Is cohabiting a good way to prepare for marriage? Working with Cohabiting Couples Intending to Marry

In comparing dating couples living together versus apart, the differences were dramatic. Based on 2010 US study, only 21% of the dating couples who are living together were 'Vitalised', compared with 51% of the dating couples who were not living together. Even more telling, 48% of the cohabiting daters were in the 'Conflicted' range, compared with only 16% of those who were not living together.

Is cohabiting a good way to prepare for marriage?

The social science evidence suggests that living together is not a good way to prepare for marriage or to avoid divorce however Australian Bureau of Statistics information indicates that in 2010 - 79% couples cohabited before marriage. In fact, virtually all the major studies have shown a higher divorce rate among couples that cohabited before marriage than those who did not. No positive contribution of cohabitation to a successful marriage has been found to date.

It is important to note that cohabiting that is within 3-6 months before marriage is different from cohabiting as an alternative to marriage. If a couple cohabits a few months before the wedding and if each partner has had no prior cohabitation experience and no children, then the adverse effects are not strongly supported in research (Popenoe & Whitehead, 1999).

What is a good way to prepare for marriage?

The PREPARE/ENRICH program is one effective way to build a stronger and happier marriage. An Outcome Study of PREPARE/ENRICH (Knutson & Olson 2003) demonstrated the value for couples in taking the PREPARE/ENRICH Inventory and having 3-5 feedback sessions using the Six Couple Exercises. Couples significantly improved their couple satisfaction and their relationship type (the PREPARE/ENRICH Program increased Vitalised couples by 52% and decreased Conflicted couples by 83%).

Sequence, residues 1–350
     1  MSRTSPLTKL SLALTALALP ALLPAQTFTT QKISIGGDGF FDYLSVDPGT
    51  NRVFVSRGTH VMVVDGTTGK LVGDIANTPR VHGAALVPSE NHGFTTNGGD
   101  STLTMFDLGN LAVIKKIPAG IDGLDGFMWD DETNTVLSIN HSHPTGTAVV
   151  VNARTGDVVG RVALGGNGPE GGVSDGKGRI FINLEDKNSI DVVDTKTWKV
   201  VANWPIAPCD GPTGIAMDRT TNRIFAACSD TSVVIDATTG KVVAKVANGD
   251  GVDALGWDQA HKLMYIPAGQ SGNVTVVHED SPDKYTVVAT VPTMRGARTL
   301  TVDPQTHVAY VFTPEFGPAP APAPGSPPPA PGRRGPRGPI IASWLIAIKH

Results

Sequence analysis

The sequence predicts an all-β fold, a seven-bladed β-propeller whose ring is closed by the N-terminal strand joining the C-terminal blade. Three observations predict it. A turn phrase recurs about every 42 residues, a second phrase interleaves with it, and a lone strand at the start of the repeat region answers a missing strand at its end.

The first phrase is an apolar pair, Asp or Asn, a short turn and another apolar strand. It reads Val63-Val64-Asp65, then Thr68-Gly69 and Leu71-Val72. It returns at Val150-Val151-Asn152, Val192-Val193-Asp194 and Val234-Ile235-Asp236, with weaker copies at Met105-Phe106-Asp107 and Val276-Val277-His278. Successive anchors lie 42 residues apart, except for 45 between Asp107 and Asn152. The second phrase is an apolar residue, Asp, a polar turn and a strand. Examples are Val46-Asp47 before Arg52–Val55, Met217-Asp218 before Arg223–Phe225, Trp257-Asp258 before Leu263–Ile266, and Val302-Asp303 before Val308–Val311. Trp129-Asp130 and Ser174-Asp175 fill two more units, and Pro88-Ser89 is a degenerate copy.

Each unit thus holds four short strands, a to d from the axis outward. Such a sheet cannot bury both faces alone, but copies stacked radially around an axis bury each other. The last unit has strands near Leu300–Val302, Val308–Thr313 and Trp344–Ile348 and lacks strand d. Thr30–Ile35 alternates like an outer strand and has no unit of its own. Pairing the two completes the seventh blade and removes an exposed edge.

Using PREPARE/ENRICH data, engaged cohabiting couples had about the same percentage of Vitalised couples (51%) compared to dating non-cohabiting couples (51%) or engaged non-cohabiting couples (60%).  The most problematic group was dating cohabiting (not engaged) couples where only 21% were Vitalised and 48% were Conflicted. Clearly, cohabiting couples have common traits that distinguish them from premarital couples that are not living together. 

These issues represent important areas of work for couples cohabiting before marriage. The PREPARE/ENRICH inventory is intended to provide a suitable resource for marriage preparation for cohabiting couples. The aim is to equip PREPARE/ENRICH administrators as effectively as possible.

The PREPARE/ENRICH inventory is customised for couples already living together (with or without children), particularly those who are intending to marry. The Marriage Expectations category is intended to assist couples explore the impact that living together has had upon their relationship and to provide a springboard for considering the further changes and effects that might emerge when they marry. Other categories tap into issues that may have arisen during the experience of cohabitation.

Some of the features include:

  • Items are designed to help couples understand and focus on issues related to cohabiting.
  • Background questions ask about family and other relative’s feelings about their cohabiting.
  • Cohabitation Issues - 10 items explored.
  • Exercises you can use to ensure that you have covered all the relevant issues.

REFERENCES: The following are some excellent resources about cohabitation:

Bahmann, J.G., Johnsont, L.D., & O’Malley, P.M. (2001). Monitoring the Future: Questionnaire responses from the nation’s high school seniors, 2000. Ann Arbor, MI: Institute for Social Research, Univ of Michigan.

Center for Marriage and Family. (December, 2000). Time, sex and money. The first five years of marriage. Creighton University, Omaha, NE.

Kennedy, S. & Bumpass, L. (2007). Cohabitation and children’s living arrangements: New estimates from the United States. Unpublished manuscript. Madison, WI: Center for Demography, University of Wisconsin.

Larson, J. (2000). The verdict on cohabitation vs. marriage. Marriage & Families, 7-12.

Popenoe, D. & Whitehead, B. (1999). Should we live together? What young adults need to know about cohabitation before marriage. The National Marriage Project, New Brunswick, NJ.

Popenoe, D. & Whitehead, B. (2000). The state of our unions 2000: The social health of marriage in America. The National Marriage Project, New Brunswick, NJ.

Waite, L. & Gallagher, M. (2000). The case for marriage: Why married people are happier, healthier and better off financially. New York: Doubleday.

Tune in next week for more interesting ideas and tips.
Source: Cohabitation and Relationship Quality in Dating and Engaged Couples - 2010, Peter J. Larson & David H. Olson

#PREPARE/ENRICH is a customised online assessment tool that identifies each couples unique strength and growth areas. Based on their assessment results, a facilitator provides feedback sessions, helping couples to discuss and understand their results while teaching them proven relationship skills.

For more information on PREPARE/ENRICH or to simply set up a couple on the tool, please contact: or call today (02) 9520 4049 #prepareenrich


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